After playing with the 2006-07 U.S. National Junior Sled Hockey Team, Adam Page made his debut on the national team the following year. Only 15 years old at the time, he was the youngest player on the 2007-08 roster. He has since played for Team USA in 93 games with 21 goals and 18 assists to his credit. Page, one of the most decorated athletes on the current roster, is a 2010 Paralympic gold medalist and a two-time world champion. He also has a world silver medal (2013) and world bronze medal (2008). Born with spina bifida, a birth defect caused by the incomplete formation of the vertebrae, Page is currently a student at Medaille College, which is in Buffalo, N.Y., only about 20 minutes from his home. “I am pursing a degree in sports management,” said student-athlete Page, who also travels the country for speaking engagements. “In the future, I would like to coach hockey and continue speaking.”
Josh Pauls, sled hockey
Called “Spuds” by teammates, Josh Pauls has an unusual habit. Before each game he plays with the U.S. National Sled Hockey Team, he faces a Mr. Potatohead figure towards the opponent’s locker room. A serious or silly superstition, Pauls has had no shortage of success with Team USA. At 17, he was the youngest member of the U.S. Paralympic Sled Hockey Team that won the gold medal at the Vancouver 2010 Paralympic Winter Games. He also helped the U.S. to gold at the 2012 International Paralympic Committee Ice Sledge Hockey World Championships (A), recording one goal and one assist while playing in all five games. He has now emerged as Team USA’s leading scorer in 2012-13 with 12 points on five goals and seven assists. Heading into the Sochi 2014 Paralympic Winter Games, he led Team USA with eight points and is tied for team lead in goals and assists with four each. Pauls was born without tibia bones in both legs. At 10 months old, both legs were amputated.
Greg Shaw, sled hockey
Greg Shaw made his debut with the U.S. National Sled Hockey Team in the 2006-07 season, around the time that he made the switch from competitive ski racing to competitive sled hockey. Shaw is a 2010 Paralympic gold medalists and a four-time world championship competitor, helping Team USA to two gold medals (2009, 2012), one silver medal (2013) and one bronze medal (2008). Heading into his second Games in Sochi, Russia, he has seen action in eight games this season, scoring one goal. Shaw was born with sacral agenesis, an infrequent congenital condition of spinal deformity.
Andy Soule, Nordic skiing
Andy Soule was attending Texas A&M University as a member of the Corps of Cadets when the Sept. 11 attacks occurred. Following 9/11, Soule left school to enlist in the U.S. Army. Soon after basic training, he was deployed to Afghanistan where an improvised explosive device detonated next to Soule's Humvee, resulting in double leg amputation. Looking for a way to stay active, Soule attended a cross-country skiing recruitment camp in Sun Valley, Idaho, in 2005. He was instantly hooked on Nordic skiing. On the opening day of the Vancouver 2010 Paralympic Winter Games competition, Soule won the bronze medal in the men’s sitting 2.4-kilometer individual pursuit, becoming the first U.S. athlete to medal in biathlon at the Olympic or Paralympic Winter Games. Soule took two years off to study ballistics. Now he is back, eyeing Team USA’s first-ever gold medal in biathlon.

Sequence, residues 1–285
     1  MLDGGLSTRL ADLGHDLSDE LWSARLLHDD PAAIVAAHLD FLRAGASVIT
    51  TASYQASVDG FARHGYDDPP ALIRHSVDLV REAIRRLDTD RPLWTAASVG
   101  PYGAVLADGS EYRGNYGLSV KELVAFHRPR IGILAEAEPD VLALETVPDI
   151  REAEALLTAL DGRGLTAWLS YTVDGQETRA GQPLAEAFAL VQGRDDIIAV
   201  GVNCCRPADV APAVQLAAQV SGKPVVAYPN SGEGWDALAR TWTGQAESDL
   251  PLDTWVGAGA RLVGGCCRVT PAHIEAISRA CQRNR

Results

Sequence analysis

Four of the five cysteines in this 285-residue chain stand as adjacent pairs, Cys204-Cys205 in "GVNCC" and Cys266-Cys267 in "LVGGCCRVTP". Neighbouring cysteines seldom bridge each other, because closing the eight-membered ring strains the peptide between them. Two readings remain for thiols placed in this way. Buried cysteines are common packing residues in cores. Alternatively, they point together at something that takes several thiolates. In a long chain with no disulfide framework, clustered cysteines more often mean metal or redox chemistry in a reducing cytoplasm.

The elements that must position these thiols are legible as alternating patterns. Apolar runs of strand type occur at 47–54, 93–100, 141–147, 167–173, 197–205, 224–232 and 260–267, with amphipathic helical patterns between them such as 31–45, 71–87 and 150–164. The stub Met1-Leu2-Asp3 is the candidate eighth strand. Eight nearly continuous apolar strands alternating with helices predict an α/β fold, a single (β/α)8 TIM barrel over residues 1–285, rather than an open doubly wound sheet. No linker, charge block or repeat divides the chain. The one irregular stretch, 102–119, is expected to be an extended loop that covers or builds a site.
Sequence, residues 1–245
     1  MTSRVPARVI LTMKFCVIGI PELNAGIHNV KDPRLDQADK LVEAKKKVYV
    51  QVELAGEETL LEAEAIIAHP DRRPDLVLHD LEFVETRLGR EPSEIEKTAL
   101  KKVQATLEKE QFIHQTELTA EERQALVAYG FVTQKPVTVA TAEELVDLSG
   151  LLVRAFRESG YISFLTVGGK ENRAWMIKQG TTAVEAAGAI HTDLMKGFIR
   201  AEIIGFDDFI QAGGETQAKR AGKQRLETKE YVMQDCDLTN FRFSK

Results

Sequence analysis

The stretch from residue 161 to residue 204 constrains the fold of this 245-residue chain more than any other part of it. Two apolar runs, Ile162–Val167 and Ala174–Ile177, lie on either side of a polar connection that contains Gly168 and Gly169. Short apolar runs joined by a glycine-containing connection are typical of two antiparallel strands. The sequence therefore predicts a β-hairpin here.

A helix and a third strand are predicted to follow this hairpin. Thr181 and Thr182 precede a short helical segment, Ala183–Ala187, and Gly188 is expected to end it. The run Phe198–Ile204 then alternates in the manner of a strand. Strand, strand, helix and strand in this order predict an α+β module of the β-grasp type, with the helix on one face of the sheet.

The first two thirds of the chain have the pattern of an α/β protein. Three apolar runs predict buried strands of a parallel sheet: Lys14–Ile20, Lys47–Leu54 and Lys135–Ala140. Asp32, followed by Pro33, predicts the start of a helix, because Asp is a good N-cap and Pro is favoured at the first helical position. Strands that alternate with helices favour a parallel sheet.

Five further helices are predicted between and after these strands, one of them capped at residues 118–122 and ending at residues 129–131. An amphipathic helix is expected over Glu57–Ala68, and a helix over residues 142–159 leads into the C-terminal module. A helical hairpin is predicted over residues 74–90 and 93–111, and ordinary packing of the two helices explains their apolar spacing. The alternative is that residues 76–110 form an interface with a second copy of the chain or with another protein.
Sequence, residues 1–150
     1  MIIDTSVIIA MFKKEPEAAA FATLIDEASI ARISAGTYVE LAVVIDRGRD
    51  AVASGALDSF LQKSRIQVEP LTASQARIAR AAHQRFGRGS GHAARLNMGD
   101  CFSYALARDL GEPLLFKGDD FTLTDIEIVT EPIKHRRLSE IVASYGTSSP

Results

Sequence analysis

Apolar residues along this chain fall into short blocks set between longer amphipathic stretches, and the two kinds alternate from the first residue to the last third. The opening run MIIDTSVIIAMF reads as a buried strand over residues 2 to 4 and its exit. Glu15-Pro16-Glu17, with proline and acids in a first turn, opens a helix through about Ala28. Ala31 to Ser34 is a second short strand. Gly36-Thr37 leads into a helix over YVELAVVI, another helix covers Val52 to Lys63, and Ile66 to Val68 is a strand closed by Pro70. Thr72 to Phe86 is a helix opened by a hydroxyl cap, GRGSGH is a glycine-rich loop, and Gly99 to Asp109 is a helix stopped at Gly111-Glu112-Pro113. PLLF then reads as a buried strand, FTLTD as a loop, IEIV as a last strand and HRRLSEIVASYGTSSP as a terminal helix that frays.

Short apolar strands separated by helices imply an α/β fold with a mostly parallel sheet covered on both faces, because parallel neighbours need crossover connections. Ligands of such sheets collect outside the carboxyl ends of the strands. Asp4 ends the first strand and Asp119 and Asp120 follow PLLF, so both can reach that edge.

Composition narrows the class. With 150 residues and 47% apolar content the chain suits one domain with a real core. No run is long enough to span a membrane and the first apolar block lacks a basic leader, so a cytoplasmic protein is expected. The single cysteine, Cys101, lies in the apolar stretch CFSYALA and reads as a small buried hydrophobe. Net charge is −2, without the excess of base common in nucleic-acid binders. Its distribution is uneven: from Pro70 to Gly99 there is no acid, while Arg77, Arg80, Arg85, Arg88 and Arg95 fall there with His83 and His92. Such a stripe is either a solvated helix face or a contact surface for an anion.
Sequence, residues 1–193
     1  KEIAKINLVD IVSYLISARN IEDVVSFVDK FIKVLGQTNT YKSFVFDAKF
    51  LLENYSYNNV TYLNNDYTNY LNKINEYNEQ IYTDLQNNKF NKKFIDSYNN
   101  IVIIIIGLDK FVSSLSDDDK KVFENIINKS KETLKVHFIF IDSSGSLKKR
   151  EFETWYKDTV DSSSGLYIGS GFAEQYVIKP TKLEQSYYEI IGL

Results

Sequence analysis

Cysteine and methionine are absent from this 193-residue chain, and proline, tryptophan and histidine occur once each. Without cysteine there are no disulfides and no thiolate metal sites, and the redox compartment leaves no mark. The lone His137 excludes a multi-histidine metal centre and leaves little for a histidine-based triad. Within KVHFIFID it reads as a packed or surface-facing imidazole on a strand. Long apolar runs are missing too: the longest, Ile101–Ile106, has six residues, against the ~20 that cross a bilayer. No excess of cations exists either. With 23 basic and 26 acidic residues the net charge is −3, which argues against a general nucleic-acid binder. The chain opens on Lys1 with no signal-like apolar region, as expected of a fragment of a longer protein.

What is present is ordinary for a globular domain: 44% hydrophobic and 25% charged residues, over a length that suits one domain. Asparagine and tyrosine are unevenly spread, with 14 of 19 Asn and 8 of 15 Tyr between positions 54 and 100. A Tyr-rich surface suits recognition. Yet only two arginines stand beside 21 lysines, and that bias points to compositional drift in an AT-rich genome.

Laurie Stephens, alpine skiing
At the Sochi 2014 Paralympic Winter Games, Laurie Stephens will compete as the United States’ only reigning world champion in alpine skiing. She won the women’s sitting downhill competition at the 2013 International Paralympic Committee Alpine Skiing World Championships in La Molina, Spain, and later added a bronze medal in super G. Stephens is no stranger to success in Paralympic competition. She won two gold medals at the Torino 2006 Paralympic Winter Games, in downhill and super G, and the silver in downhill at the Vancouver Games. Stephens, born with spina bifida, started skiing at age 12 when she went on a group trip to Loon Mountain in New Hampshire. She turned to racing at about 15, joining the New England Disabled Ski Team.
Danelle Umstead, alpine skiing
Danelle Umstead, who is a visually impaired alpine skier, competed at the Vancouver 2010 Paralympic Winter Games with her husband Rob Umstead, who serves as her guide. In Vancouver, the husband and wife duo won bronze medals in the downhill and combined. At the age of 13, Danelle was diagnosed with retinitis pigmentosa, a genetic eye condition where the retina progressively degenerates and eventually causes blindness. Currently, her spotted vision limits her sight to less than five feet, and even then, only contrasting colors without any level of detail. There is no chance of return vision, nor is there a cure. She was also recently diagnosed with multiple sclerosis, an autoimmune disease that affects the brain and central nervous system. A native of Plano, Texas, she once lived in Taos, N.M., and now resides in Park City, Utah, and Winter Park, Colo., with her husband Rob and their son Brocton. Danelle's guide dog, Bettylynn, who was matched with her in September 2008, retired in 2013 due to blindness. Aziza will accompany the Umsteads to Sochi, Russia.
Stephani Victor, alpine skiing
Three-time U.S. Paralympian Stephani Victor’s Road to Sochi is paved in gold. In August 2013, she opened up the International Paralympic Committee Alpine Skiing World Cup season with four consecutive victories. In the first world cup in Coronet Peak, New Zealand, Victor beat out teammate Laurie Stephens in the women’s slalom sitting race by more than seven seconds on Aug. 22. On Aug. 23, she won another slalom title by more than 24 seconds. In Mt. Hutt, New Zealand, she claimed the women’s super-G title by more than eight seconds over Victoria Pendergast of Australia. She won seven total gold medals in the first two world cup events. With the momentum of her performance Down Under and a strong start to 2014, Victor looks to build on the 2010 Paralympic Winter Games, where she won the gold medal in super combined and silver medals in slalom and giant slalom.
Andy Yohe, sled hockey
Following a bronze medal at the Torino 2006 Paralympic Winter Games and a gold medal at the Vancouver 2010 Paralympic Winter Games in sled hockey, Andy Yohe left the sport. But Yohe, now a father of two, could not stay away for long. He returned to the ice this season, securing a spot on the 2013-14 U.S. National Sled Hockey Team. Yohe was later voted team captain, a position that he also held for the 2009-10 season. With an impressive resume that includes two Paralympic medals (2010 gold, 2006 bronze) and a world title, what led to Andy’s comeback? He missed the sport. He missed his teammates. He wants another Paralympic title.